Other questions to ask him:

How does he get paid? Nobody works for free. You shouldn't expect it, and if the prospective advisor tap dances on this or tries to convey the idea that somehow, someone else is footing the bill, you should be more than skeptical.  You should be gone.

The answers to this question are many and varied [11] and there is no universal right or wrong answer. Most experienced and competent advisors will offer you a choice between various compensation solutions; you should understand and be comfortable with the solution chosen.

How does he plan to invest your money to seek to achieve your expected goals? How does he evaluate/ measure your risk tolerance, and how does he select appropriate/prudent investments for you considering your goals and risk tolerance? How does he go about the task of monitoring performance and your changing situation to make course corrections when necessary?  You should understand and recognize the validity of his methodology.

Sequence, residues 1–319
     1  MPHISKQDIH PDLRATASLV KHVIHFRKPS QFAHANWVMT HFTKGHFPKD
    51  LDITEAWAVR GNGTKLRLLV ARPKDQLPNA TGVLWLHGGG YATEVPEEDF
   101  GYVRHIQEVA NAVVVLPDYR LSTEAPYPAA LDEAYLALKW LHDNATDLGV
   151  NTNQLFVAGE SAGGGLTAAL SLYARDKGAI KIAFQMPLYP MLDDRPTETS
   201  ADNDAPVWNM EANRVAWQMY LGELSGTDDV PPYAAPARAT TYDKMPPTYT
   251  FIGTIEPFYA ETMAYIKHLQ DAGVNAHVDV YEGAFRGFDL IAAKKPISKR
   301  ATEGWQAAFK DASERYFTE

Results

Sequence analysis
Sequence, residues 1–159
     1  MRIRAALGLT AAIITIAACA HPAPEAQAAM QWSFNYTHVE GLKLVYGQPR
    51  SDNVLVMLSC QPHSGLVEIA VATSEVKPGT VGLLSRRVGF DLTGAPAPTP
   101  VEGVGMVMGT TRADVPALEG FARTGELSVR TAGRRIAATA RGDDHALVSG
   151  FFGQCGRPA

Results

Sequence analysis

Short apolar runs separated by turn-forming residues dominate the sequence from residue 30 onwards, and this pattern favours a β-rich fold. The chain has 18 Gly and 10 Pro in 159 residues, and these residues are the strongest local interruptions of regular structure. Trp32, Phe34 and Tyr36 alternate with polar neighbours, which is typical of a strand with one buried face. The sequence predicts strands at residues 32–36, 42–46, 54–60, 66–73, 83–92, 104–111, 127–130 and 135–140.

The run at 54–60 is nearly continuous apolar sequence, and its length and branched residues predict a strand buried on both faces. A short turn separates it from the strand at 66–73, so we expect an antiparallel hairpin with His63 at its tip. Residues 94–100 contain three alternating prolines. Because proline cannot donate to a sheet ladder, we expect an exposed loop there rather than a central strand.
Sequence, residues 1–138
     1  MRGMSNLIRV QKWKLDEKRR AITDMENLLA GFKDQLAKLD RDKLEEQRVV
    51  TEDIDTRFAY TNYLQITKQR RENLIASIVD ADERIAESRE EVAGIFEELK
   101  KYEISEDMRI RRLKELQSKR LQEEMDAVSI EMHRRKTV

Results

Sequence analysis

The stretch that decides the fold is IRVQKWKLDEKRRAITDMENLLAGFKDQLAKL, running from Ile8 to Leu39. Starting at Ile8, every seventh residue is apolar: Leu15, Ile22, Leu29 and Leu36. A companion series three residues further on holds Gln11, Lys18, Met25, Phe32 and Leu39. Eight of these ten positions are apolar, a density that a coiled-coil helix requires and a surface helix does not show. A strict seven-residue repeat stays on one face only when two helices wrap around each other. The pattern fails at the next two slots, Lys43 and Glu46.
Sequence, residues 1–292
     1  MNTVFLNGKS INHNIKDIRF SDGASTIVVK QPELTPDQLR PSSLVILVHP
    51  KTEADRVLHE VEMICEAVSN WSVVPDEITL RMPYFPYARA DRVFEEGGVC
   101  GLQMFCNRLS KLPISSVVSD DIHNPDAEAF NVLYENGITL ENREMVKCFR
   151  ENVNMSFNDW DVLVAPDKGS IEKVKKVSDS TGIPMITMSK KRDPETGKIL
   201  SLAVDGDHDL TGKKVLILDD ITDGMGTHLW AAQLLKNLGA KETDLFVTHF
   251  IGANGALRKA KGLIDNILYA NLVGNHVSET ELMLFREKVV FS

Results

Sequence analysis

Discuss this paper with him. Does he understand and can he explain the concepts discussed here? He probably won't agree with every conclusion, and it's not necessary that he does, but he should understand those concepts, and be able to articulate his own views in ways that make sense to you.

And once again, deal your spouse in on the interview and selection process. He/she may have to get along with this person long after you are no longer around.  As a matter of fact, this is often the most important benefit a financial advisor brings to the table … he or she should be a trusted third party that knows your situation in the event that (make that, when) you are no longer around to explain things to or make decisions for your loved ones.  Make sure she is comfortable with the advisor.

In conclusion